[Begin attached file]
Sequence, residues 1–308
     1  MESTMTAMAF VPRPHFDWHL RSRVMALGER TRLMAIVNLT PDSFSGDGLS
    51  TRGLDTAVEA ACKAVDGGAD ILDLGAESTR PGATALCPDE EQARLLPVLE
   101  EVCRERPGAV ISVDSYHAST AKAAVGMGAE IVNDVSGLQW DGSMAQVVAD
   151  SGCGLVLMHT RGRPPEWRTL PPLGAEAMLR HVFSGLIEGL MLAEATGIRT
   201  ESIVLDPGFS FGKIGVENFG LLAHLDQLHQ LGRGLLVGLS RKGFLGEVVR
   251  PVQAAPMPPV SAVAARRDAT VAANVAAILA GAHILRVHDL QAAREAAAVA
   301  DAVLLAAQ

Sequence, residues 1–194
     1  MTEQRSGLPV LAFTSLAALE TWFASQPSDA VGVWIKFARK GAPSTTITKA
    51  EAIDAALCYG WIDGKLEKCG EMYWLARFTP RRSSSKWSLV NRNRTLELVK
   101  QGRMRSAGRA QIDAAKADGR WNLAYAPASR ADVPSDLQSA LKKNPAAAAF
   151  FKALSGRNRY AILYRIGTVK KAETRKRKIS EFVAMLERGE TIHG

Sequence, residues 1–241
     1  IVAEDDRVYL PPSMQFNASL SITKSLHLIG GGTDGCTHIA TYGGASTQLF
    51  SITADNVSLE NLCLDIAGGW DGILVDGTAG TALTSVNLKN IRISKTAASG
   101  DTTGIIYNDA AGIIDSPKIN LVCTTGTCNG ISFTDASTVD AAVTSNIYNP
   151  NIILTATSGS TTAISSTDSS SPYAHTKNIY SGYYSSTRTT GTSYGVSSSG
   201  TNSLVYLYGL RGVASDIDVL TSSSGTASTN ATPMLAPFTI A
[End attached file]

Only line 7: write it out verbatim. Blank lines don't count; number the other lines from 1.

   251  PVQAAPMPPV SAVAARRDAT VAANVAAILA GAHILRVHDL QAAREAAAVA